I did the same--cooking like a sailor--with the notion I'd be able to reduce the volume of provisions I loaded onto the boat
. * roll eyes * The recipe practice certainly helped, but I was WAY too enthusiastic about provisioning
when we first moved aboard. Also, I'd delayed and delayed on getting a pressure cooker again bc I didn't know how small (or big) I could go. (My previous one was for canning and I could have pressure canned a flock of chickens in that thing--it was HUGE.)
1. Buy a cheap
pressure cooker in a smaller size to get started, browse hippressurecooking.com,
2. cook beans and whole grains ten thousand ways,
3. practice dialling in recipes
for the least amount of leftovers
4. keep track of the top ten recipes you use--your eating pattern won't change much without retraining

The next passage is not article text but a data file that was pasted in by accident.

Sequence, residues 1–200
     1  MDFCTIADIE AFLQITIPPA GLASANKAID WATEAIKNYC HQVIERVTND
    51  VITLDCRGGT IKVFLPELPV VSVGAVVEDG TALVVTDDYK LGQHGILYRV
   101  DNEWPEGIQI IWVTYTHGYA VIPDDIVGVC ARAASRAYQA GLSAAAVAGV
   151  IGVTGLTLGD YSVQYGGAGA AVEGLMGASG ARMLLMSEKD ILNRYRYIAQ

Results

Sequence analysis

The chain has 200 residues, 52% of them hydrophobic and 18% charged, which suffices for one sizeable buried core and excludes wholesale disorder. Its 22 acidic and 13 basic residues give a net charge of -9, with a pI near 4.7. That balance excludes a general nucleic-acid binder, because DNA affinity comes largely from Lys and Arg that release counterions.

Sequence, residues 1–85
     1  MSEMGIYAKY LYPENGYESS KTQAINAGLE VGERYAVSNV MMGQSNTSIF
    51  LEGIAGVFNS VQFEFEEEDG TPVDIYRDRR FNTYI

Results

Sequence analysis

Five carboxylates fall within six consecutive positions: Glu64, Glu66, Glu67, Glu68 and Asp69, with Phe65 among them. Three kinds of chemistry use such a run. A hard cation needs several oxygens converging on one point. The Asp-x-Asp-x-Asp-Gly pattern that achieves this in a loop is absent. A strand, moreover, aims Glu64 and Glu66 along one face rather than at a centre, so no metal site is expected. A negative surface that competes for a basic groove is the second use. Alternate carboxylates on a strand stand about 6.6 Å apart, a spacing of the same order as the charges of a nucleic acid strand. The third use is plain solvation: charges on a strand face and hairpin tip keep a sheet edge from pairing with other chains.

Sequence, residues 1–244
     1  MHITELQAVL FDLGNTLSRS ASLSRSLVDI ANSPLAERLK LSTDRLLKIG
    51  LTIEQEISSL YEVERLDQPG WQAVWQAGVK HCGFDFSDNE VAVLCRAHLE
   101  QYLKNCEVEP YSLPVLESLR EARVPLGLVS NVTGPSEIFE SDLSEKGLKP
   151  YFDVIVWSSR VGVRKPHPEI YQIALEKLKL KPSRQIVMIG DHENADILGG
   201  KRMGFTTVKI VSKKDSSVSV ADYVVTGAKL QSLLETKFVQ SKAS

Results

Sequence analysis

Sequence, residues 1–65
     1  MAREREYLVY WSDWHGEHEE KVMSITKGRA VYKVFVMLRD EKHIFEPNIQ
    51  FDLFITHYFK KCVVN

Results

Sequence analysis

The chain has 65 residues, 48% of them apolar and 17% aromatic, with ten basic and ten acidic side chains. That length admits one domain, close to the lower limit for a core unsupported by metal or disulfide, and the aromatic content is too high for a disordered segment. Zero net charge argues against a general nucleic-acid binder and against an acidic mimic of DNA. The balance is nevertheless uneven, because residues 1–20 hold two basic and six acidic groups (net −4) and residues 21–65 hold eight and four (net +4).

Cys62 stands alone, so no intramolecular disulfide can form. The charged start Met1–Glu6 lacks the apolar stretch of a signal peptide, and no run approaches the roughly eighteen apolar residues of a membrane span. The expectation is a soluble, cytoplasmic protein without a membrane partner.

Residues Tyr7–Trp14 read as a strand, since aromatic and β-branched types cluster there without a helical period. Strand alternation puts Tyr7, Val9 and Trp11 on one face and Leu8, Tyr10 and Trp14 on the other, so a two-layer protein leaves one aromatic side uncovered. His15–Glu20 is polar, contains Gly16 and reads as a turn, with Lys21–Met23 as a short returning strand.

5. if you eat a lot of ribs now, and WON'T have a freezer
aboard, figure out the source of protein. Canned products? Will you canned products? Cured products? Dried products? Fresh when you can and fish
when you catch them?
6. If you plan on processing foods, think about what happens to that equipment
before and after--can you reduce the bulk + is the appropriate hygiene achievable? People often forget how little stowage, energy, and water
they'll have, and how much is used to clean and can.
7. Have fun! Provisioning is 100% a great rewarding lifeling hobby. People I know catch fresh, brew, ferment, pickle, dry, salt-cure, make jerky, can, and smoke-cure, construct boat
root cellars, and freeze provisions for their boat life. I am a rank amateur in comparison but enjoy the attempts ;-).